The king and the president unveiled a commemorative plaque on Monday to mark the event before heading to Damascus for official talks on bilateral and regional issues.
Several cabinet ministers from Syria and Jordan attended the 30-minute ceremony, which came three months after the start of the construction of Al-Wehda dam.
Scheduled for completion by the end of 2005, the dam will provide Jordan with desperately needed water for both human consumption and agriculture, while boosting power supplies to Syria.
Officials said the dam's projected 110 million cubic metre storage capacity would enable 81 million cubic metres of water a year to be supplied to Jordan, a largely desert country which ranks among the world's 10 poorest in water resources.
Around 50 million cubic metres will be used to supply drinking water to the Jordanian capital and the main northern city of Irbid, Jordanian Water Minister Hazim Nasir said.
He warned that the dam "will not solve Jordan's water problems" but said it would make an "important contribution by reducing by around 10% the water deficit in Jordan" which stands at a total of 250 million cubic metres.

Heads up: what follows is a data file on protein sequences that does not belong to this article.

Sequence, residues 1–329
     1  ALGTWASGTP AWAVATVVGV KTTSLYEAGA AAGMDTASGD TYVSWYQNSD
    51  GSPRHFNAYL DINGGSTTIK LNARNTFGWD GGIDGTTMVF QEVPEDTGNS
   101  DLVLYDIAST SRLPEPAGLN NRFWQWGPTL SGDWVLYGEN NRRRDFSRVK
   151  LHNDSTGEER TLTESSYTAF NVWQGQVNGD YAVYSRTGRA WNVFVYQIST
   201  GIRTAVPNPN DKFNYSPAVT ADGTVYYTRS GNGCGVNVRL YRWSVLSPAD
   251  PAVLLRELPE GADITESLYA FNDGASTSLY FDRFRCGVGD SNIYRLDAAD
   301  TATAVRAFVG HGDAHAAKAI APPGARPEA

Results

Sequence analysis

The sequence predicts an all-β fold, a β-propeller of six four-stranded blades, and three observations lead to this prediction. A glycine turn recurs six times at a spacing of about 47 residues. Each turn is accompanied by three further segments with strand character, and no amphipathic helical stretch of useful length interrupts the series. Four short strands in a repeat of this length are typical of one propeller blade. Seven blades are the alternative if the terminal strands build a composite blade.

An associated hydro-electric project is expected to generate 18,800 megawatt hours of electricity a year, most of which will be supplied to Syria.
Nasir said Jordan would foot most of the bill for building the dam, which he estimated at 66 million dinars ($93 million).
Construction is being funded through loans from the Arab Fund for Economic Development and the Abu Dhabi Development Fund and carried out by Turkish contractor Ozaltin.
An agreement on the dam was signed in April 2003 but plans to build it were already agreed in 1986 and negotiations date back to 1953. The repeated delays were blamed on lack of funds.
King Abd Allah and al-Asad had been due to lay the cornerstone in December but that meeting was postponed for "technical reasons" that were never explained.
The two Arab leaders did not making any statements during the red-carpet ceremony.